Leicester placed under extended localised Lockdown

By - Integrated Care Journal

On Monday Health Secretary Matt Hancock announced that Leicester and the “surrounding conurbation” will be placed under stricter lockdown measures. This is the first instance of a local region having stricter lockdown regulations than the rest of the country.

Mr Hancock had alluded to the announcement of Leicester's lockdown in Parliament, citing examples of previous minor isolated lockdown extensions. The Health Secretary also announced that the situation in Leicester will be reviewed fortnightly.

Mr Hancock explained to Parliament that Leicester’s infection rate was “3 times higher than the next highest city”. He went on to say that, “Leicester accounts for around 10 per cent of all positive cases in the country over the past week”, a striking statistic when considering that Leicester only accounts for 0.59 per cent of England’s population.

As part of the lockdown, non-essential retail stores that had reopened on June 15 must now close. The Health Secretary also announced that bars, restaurants, and hairdressers that had been set to reopen on the July 4, will have to remain closed for a further two weeks.

Other parts of daily life in Leicester will also be affected, citizens are being asked to only travel for essential journeys. Schools will close again on the July 2, except to vulnerable children and those of front-line staff. Mr Hancock rehashed the old slogan of “stay at home” for those in Leicester, emphasising the threat the local outbreak has on the nation as a whole.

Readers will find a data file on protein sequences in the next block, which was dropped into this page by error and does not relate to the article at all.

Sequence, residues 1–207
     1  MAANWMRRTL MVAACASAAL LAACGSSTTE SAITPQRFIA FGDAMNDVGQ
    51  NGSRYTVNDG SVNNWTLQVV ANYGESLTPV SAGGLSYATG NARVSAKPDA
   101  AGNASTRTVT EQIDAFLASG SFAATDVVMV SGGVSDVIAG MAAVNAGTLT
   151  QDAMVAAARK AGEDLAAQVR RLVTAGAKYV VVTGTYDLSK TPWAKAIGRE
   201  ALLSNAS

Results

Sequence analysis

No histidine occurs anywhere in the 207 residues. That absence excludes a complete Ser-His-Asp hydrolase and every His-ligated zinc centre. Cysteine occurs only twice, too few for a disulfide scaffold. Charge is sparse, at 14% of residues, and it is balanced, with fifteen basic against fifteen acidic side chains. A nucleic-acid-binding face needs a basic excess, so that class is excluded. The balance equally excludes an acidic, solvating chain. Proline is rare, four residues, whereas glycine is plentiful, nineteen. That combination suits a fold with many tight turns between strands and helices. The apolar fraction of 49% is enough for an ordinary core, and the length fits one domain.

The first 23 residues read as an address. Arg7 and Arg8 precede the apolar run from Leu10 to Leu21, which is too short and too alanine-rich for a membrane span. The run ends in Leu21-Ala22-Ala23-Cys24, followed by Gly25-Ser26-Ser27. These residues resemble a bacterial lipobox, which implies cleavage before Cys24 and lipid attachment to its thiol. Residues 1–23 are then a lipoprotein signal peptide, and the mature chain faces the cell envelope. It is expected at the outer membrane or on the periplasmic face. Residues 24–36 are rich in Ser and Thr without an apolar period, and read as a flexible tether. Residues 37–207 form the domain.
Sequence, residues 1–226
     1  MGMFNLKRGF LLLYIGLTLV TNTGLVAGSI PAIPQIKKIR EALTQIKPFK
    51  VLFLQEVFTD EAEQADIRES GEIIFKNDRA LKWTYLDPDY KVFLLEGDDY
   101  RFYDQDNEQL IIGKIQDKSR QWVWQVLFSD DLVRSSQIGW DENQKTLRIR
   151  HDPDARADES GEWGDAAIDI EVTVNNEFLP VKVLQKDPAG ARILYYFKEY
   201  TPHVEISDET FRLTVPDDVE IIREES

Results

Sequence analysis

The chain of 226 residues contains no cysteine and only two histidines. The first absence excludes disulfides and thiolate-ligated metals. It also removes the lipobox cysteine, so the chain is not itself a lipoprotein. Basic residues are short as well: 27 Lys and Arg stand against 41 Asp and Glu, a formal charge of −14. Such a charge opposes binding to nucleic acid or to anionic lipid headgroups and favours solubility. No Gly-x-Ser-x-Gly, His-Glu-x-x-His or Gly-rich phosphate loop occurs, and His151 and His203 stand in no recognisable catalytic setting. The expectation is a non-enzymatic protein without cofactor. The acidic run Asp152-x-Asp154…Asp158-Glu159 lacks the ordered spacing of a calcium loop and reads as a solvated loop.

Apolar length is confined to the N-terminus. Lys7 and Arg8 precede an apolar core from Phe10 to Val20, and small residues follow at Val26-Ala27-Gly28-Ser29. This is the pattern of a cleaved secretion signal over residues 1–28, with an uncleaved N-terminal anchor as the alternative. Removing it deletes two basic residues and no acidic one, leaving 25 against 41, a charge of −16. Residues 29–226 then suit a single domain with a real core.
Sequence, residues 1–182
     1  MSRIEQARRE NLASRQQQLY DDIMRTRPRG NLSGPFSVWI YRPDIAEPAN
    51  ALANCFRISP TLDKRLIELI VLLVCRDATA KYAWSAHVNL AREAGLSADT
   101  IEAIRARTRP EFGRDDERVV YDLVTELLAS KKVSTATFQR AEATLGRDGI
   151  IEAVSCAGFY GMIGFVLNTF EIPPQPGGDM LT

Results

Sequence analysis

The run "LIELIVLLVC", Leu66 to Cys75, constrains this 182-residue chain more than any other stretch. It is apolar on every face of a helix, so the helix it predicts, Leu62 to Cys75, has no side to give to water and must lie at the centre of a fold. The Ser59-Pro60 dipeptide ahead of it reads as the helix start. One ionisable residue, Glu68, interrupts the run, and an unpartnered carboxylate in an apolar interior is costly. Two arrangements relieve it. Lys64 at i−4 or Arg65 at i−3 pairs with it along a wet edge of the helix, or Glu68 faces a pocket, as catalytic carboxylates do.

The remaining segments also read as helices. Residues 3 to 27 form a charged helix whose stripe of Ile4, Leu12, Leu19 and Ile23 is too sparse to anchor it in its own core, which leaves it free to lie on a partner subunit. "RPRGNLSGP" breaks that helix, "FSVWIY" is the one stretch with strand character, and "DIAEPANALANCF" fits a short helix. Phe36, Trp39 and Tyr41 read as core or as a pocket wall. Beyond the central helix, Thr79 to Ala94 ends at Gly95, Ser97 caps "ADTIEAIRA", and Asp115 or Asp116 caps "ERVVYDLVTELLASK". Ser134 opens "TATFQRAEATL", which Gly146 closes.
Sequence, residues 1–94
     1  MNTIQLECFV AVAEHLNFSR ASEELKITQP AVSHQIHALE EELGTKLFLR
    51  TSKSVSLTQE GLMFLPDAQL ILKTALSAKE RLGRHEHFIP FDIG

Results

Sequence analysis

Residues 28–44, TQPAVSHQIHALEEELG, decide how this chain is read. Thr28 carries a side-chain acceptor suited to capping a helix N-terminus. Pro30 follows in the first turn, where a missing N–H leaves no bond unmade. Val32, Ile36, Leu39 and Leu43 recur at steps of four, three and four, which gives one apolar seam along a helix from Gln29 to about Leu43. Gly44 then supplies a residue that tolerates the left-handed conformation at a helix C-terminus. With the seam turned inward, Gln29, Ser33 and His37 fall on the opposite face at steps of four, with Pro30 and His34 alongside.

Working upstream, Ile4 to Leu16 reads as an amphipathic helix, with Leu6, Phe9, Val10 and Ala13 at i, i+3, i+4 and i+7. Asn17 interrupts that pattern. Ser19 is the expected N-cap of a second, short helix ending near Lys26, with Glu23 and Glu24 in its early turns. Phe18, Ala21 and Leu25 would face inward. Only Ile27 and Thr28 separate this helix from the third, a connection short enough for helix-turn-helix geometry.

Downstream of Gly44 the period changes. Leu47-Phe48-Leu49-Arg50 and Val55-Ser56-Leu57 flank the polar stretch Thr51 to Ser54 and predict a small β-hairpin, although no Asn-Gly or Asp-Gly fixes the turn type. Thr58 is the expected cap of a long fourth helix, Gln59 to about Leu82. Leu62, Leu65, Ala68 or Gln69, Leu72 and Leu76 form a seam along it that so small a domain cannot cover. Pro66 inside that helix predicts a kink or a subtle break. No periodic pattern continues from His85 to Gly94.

Increased support has been promised for Leicester and the surrounding area. The Government have promised an increase in available testing kits for take-home tests and extra capacity for walk-in test centers. With the Health Minister pleading to the people of Leicester that “anyone with symptoms must come forward for a test. ”   

However, the Government’s response has not gone without criticism. Shadow Health Secretary Jon Ashworth, who represents Leicester South, criticised the Government’s “whack-a-mole” approach to the lockdown.

He said: “ to ease the lockdown smoothly then those areas that do see flare-ups will need greater speed in the response, otherwise we risk no moles getting whacked?"

Mr Ashworth further expressed his disapproval of the Governments late response to the developing situation in Leicester, stating that “We were alerted to the situation in Leicester 11 days ago. ” 

The first test ahead of a second wave?

Leicester’s success in battling this localised outbreak of Covid-19 will be key for the Government to secure public confidence in its long-term capacity to deal with a second wave. The Governments “whack-a-mole” strategy will only be a success if local flare ups are successfully contained. Failure could leave questions and doubt hanging over the Government to whether or not they can successfully protect the public against a second wave.

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